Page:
There are book clubs and then there are book clubs. The first is when you and a huge group of women, who may or may not have read the month’s assigned book, gather at someone’s house for margaritas, hummus and, oh, two hours of gossiping. Maybe 20 minutes at the end, those of you who actually read the book have a quick chat, but mostly this is a “big night out” for suburban types.
Then there are the book clubs. My beloved book club is filled with smartypants English majors from Williams. When it’s my month to pick a book, it is difficult to do so because they’ve read every book imaginable. We are ruled with an iron fist by a girl friend of mine who works in publishing and eats, lives, and breathes books. I am sincerely scared to not read the book each month or, worse, not attend the meeting. If we gossip, it’s way towards the end, long after I have gotten my ass handed to me on a platter, intellectually speaking. But you know what? I wouldn’t trade it for anything.
I’ve been in both types of book clubs and I’d like to think I know a thing or two about ‘em. After the jump, here’s rules for a book club — I mean, a book club — that actually reads. Keep reading »
As a lady, I find that I often unconsciously gravitate to books with female narrators or protagonists. Don’t get me wrong, I don’t necessarily prefer them to male-driven books, but I generally feel far more of an intrinsic emotional connection to female voices than I do to those of men (with the obvious exception of my homicidal spirit animal, Patrick Bateman). I’ve observed that, as with all things, there are certain “types” of female characters (in fiction and in memoirs and biographies) — not necessarily stereotypes, but overriding themes of personality that are in many ways the driving force behind the story being told. After the jump, a short list of some of the most prevalent personalities in literature, and the best and most prolific of each.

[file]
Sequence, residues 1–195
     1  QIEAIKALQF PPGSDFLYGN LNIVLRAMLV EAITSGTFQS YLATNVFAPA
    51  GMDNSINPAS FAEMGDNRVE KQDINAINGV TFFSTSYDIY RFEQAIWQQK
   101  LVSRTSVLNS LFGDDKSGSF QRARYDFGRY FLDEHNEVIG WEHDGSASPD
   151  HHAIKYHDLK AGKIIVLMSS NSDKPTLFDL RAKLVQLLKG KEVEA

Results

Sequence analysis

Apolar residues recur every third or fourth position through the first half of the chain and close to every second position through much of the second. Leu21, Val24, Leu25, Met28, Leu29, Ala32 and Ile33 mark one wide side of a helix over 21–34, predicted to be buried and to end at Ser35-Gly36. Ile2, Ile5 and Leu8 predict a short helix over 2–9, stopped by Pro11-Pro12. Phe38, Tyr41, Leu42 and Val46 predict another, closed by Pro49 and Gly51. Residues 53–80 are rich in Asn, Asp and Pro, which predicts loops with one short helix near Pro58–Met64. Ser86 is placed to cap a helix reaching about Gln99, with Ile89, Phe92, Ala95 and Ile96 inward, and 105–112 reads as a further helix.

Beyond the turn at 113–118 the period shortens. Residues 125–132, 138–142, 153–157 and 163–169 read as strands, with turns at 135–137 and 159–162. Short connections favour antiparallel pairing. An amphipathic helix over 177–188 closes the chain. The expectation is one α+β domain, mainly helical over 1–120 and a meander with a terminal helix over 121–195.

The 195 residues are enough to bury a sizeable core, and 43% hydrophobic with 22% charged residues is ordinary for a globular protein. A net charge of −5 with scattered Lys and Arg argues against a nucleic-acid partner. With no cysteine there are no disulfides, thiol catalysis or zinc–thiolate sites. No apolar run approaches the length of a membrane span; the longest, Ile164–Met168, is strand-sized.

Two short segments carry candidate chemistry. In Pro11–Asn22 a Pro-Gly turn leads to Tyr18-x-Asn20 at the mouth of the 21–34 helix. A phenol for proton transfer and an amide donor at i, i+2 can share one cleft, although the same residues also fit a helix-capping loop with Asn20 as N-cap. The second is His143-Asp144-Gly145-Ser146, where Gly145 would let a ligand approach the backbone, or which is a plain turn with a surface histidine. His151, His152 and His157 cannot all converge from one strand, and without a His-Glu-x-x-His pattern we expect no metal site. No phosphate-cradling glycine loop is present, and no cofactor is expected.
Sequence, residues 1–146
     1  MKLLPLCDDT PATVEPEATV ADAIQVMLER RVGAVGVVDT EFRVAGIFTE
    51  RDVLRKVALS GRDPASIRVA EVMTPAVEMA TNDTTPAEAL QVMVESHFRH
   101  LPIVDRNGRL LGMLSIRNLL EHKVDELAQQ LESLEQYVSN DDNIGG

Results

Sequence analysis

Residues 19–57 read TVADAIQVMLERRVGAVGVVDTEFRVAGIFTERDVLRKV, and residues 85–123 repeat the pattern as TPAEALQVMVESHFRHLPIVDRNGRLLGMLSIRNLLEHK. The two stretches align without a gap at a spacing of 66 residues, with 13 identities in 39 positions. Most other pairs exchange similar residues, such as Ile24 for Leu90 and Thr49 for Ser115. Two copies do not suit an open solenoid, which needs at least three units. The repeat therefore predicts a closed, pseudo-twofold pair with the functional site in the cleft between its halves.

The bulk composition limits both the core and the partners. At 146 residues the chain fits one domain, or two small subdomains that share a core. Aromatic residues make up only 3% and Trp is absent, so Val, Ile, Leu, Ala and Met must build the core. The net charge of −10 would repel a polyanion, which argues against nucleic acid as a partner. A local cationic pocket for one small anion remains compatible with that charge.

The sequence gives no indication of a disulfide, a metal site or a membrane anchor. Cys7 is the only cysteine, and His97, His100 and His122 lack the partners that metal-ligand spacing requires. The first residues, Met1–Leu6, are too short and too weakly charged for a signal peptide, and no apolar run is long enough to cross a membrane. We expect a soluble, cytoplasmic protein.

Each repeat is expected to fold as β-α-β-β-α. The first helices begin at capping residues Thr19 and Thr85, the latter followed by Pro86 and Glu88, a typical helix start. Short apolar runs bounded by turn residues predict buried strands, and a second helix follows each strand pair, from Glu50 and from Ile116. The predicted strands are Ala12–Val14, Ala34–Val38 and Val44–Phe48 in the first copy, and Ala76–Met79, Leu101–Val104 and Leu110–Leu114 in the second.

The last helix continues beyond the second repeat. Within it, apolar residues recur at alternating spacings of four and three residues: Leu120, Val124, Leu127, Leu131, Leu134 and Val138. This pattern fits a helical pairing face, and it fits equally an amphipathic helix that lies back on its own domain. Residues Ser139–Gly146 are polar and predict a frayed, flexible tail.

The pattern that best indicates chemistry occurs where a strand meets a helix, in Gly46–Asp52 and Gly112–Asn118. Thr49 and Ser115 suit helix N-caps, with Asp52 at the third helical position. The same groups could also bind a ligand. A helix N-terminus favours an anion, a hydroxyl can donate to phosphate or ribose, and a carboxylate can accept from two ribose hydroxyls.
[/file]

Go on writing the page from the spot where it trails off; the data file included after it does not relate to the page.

It’s come to our attention that methed up “Breaking Bad” hottie Jesse Pinkman has a scandalous back story. Jessie — real name Aaron Paul — admitted to Jay Leno that he once appeared on “The Price Is Right.” He made it all the way to the Showcase Showdown, too, but overbid and lost. Paul and his friends were regulars on the show, and had tons of tips and tricks for how to actually get called up as a contestant. Situate yourself in the middle of the audience, for instance, because people are hardly ever picked from the front rows. While Paul didn’t win big, his friend was called for the following show and won his Showcase. He treated Paul to a trip to New Orleans. [via HyperVocal]
Surreal didn’t begin to explain my feelings when I saw my cleavage on the side of a New York City bus for the first time. I was in shock when I discovered more advertisements, larger than my Brooklyn apartment, plastered in every popular subway station. It was just beyond weird to be mindlessly flipping through the latest edition of Us Weekly while getting a pedicure and come across pictures of myself.
The hair and makeup were bad enough, but that cleavage. After living with my 32 B’s for 30 years, I was pretty darn certain that those E cups were not mine. The short-lived reality show, “The Naughty Kitchen With Chef Blythe Beck,” advertised by my inflated anatomy, premiered on the Oxygen network shortly after I began to pursue my real career.
I never set out to be the next Bad Girl, Real Housewife, or Kardashian. I was working in Dallas, saving money to move to New York, where I’d been accepted at The New School’s journalism program. I’d been dabbling in real estate when my friend Megan, who managed the upscale Hotel Palomar in my Texas hometown, needed a new cocktail waitress. I was hired on the spot. I worked three nights a week, meeting fun people and making good money to fund my move. I had little reason to think anything of it when Megan mentioned hiring Blythe Beck, an infamous 28-year-old Dallas chef and local celebrity. Keep reading »
Suddenly I see what it’s all about, bronies! I totally understand how you could love My Little Pony as grown-ass adults. It’s no secret around here that Rachel and I are obsessed with weirdo Chanel designer Karl Lagerfeld but he is even more adorable in pony form. My Little Karl is a piece of artwork by German sculptor/graphic artist Mari Kasurinen, who has created My Little Ponies in dozens of pop culture incarnations. Many of them are sold on her site … possibly to bronies. Check out my favorites — and yes, it was hard to whittle it down to just 20! [Mari Kasurinen]